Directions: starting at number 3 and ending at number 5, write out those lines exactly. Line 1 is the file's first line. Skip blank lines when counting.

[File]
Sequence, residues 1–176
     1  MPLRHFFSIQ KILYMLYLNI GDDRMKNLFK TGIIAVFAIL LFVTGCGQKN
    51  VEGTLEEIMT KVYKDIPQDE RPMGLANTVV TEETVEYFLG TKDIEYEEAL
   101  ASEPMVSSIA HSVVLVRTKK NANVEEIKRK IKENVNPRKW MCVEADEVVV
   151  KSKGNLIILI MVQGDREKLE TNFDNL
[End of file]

    51  VEGTLEEIMT KVYKDIPQDE RPMGLANTVV TEETVEYFLG TKDIEYEEAL
   101  ASEPMVSSIA HSVVLVRTKK NANVEEIKRK IKENVNPRKW MCVEADEVVV
   151  KSKGNLIILI MVQGDREKLE TNFDNL